Not this time. Everything, including my purse, went through a scanner. "What's in the jar?" I was asked. "It's kind of like peanut butter," was the best I could do, but it was sufficient. The pleasant Customs officials released me, and I thought I was home free. (More)
On this Thanksgiving Day, as we prepare for a very traditional American feast, I’ll take time to be thankful for the tremendous variety of food now available from other countries and cultures all over the world.
I’m a great fan of the locavore movement; I know from my childhood that nothing tastes as good as food that not only comes straight from a nearby farm, but also has a distinctive local flavor. But there is also something to be said for being able to enjoy fresh fruits and vegetables in the middle of winter.
Even better is the opportunity to enjoy fruits, vegetables, spices, and prepared foods that were unheard of when I was growing up: sushi, satay, tandoori chicken, naan, fajitas, egg rolls, mango lassi, bok choi, passion fruit, kung pao chicken … the list is long of now-common foods that were unavailable to most Americans 50 years ago. I’d never even had a bagel till I went to college with a large crowd from New York City.
What a multicultural feast our table has become!
Thinking in Pictures: And Other Reports from My Life with Autism, by Temple Grandin (Vintage, 2006) (Expanded from the original 1995 version)
I’ve already written about Temple Grandin, the movie, which was the inspiration for getting this book from the library. It’s well worth reading, and the only reason I’m sending back unread the two other books of hers I picked up at the same time is that I realized I must put the brakes on my reading for a while. At the very least I need to substitute books I won’t be tempted to review.
Thinking in Pictures would have convinced me, if Grandin’s own commentary on the DVD had not, that the movie is an accurate, if not perfect, portrayal of her life. It’s fascinating to read about autism from the inside out, as it were, and also interesting to note her opinion that for all the advances we have made in understanding autism and Asperger’s syndrome, as a child in the 1950’s she had a few advantages over today’s children. School classrooms were well-ordered and quiet; the noise and chaos often seen classrooms now would have been impossible for her to handle. Parents, teachers, and other adults worked hard to instill good manners and polite behavior into children; these are difficult but essential skills for autistic children to learn, but they are sadly neglected today. Finally, there were no video games then, which encourage solitary activity; she was forced to interact directly with other children through board games, outdoor play, and other normal, 1950’s-era activities. (More)
Permalink | Read 1607 times | Comments (0)
Category Reviews: [first] [previous] [next] [newest] Health: [first] [previous] [next] [newest] Food: [first] [previous] [next] [newest] Conservationist Living: [first] [previous] [next] [newest]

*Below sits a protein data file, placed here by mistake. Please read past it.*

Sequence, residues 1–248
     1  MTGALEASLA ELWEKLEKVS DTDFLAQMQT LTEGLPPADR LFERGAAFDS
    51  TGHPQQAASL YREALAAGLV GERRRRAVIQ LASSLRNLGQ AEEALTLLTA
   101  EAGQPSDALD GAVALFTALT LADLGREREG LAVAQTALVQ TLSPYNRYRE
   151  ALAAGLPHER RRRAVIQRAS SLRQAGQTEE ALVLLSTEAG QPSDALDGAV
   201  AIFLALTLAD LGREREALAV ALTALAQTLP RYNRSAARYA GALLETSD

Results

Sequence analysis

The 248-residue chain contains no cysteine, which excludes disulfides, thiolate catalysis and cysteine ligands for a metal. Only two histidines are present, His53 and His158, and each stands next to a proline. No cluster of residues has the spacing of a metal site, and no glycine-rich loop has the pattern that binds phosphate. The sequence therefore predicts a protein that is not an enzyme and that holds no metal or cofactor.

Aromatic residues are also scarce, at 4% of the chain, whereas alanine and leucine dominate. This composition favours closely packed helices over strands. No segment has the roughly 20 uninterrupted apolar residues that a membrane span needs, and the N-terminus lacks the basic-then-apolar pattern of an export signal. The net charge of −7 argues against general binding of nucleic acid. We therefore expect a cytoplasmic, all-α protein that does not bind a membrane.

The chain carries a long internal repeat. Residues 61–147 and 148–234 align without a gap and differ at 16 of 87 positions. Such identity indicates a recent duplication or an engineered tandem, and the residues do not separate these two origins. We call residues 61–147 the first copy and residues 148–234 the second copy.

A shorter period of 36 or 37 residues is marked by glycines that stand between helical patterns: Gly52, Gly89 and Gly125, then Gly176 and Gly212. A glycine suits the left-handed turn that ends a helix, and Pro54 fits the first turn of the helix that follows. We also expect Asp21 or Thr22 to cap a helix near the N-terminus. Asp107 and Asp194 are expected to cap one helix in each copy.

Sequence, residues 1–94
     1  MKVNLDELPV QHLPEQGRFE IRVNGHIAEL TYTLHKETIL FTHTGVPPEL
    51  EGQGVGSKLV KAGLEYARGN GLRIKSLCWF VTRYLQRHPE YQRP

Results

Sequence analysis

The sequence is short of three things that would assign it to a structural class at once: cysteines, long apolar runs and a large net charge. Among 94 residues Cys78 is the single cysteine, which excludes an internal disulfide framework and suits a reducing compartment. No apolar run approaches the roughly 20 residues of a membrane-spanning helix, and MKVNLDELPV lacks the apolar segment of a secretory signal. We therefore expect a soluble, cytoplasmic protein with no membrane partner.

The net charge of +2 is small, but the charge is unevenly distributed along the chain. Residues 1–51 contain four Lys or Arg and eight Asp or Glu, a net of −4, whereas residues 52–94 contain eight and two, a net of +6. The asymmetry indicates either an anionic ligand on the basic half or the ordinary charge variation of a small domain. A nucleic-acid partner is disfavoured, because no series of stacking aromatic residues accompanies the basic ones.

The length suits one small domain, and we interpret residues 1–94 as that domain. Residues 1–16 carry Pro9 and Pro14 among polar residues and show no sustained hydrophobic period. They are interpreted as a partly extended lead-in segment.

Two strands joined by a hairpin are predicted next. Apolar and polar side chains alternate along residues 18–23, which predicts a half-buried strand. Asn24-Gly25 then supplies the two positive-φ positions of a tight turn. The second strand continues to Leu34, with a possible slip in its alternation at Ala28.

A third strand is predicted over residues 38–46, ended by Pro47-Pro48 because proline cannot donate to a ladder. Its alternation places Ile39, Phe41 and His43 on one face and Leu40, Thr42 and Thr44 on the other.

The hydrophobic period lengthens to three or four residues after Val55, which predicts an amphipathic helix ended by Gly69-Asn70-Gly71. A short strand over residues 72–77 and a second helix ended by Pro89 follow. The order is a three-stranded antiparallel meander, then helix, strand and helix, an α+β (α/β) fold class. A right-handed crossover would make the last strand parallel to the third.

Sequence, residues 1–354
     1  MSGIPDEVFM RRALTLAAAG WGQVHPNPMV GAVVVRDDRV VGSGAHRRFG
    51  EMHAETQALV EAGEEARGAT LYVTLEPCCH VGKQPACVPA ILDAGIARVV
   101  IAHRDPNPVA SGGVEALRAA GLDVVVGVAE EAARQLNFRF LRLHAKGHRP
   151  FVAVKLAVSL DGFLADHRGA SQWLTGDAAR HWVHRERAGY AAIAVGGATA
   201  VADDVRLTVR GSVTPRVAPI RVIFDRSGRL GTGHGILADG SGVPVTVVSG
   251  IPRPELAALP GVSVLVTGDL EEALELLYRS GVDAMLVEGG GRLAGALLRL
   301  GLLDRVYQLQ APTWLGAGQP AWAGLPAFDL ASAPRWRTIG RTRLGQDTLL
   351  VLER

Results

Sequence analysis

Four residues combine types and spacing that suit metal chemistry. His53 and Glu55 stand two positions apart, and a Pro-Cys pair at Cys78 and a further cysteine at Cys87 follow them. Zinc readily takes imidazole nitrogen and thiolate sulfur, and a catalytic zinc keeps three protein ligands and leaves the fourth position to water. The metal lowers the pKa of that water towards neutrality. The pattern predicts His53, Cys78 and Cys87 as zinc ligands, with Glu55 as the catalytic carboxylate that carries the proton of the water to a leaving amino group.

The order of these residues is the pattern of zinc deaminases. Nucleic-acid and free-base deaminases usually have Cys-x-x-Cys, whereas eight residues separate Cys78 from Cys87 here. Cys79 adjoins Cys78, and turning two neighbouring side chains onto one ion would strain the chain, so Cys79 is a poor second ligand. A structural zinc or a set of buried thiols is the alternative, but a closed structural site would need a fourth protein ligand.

When I was a child restaurant meals were very rare, the stuff of vacation travel and anniversary dinners. My father carried a homemade lunch to work, just as we children carried ours to school. When we did eat out, the food was rather ordinary—though I'll admit I thought a Howard Johnsons hot dog followed by their special peppermint stick ice cream was the highlight of many a vacation.
I wouldn't trade our homemade meals and family dinners for any five-star restaurant, but what I love about eating in the 21st century is the great variety of food now available from cultures and traditions all over the world. From Indian to Korean, Ethiopian to Moroccan, Thai to Lebanese—this is a great time to be eating!
I am thankful for the baby formula that is available today.
I know. Me, the Notorious Despiser of Artificial Baby Feeding, thankful for infant formula. But it’s true. (More)
Permalink | Read 1501 times | Comments (0)
Category Health: [first] [previous] [next] [newest] Children & Family Issues: [first] [previous] [next] [newest] Food: [first] [previous] [next] [newest] The Good New Days: [first] [previous] [next] [newest]
Fruitless Fall: The Collapse of the Honey Bee and the Coming Agricultural Crisis, by Rowan Jacobsen (Bloomsbury, New York, 2008)
Fruitless Fall had been my "to read" list since mid-2009 and, thanks to generous family, on our bookshelves since Christmas. I loved Jacobsen's Chocolate Unwrapped, so why it took so long to begin this book is beyond me. Once begun, however, I couldn't stop, and finished it the same day. There are a few compensations for being sick and not having the energy to tackle much of anything else.
That's not to say the book isn't a delight to read, doing for honey and beekeeping what John McPhee's Oranges did for the citrus industry many long years ago. (I wish someone would write an update, as McPhee's book ends when frozen concentrate was king.) The overall theme is the recent precipitous and inexplicable decline of bees and beekeepers, with many side notes (some delightful, some frightening) along the way. (More)
Regular readers of Lift Up Your Hearts! know I'm a fan of Lenore Skenazy's Free-Range Kids blog, though I blush to admit I haven't (yet) read her book of the same name. I've written quite a few comments there, and a recent letter I sent evolved into a guest post, which you can find here: A List that Sums Things Up Nicely.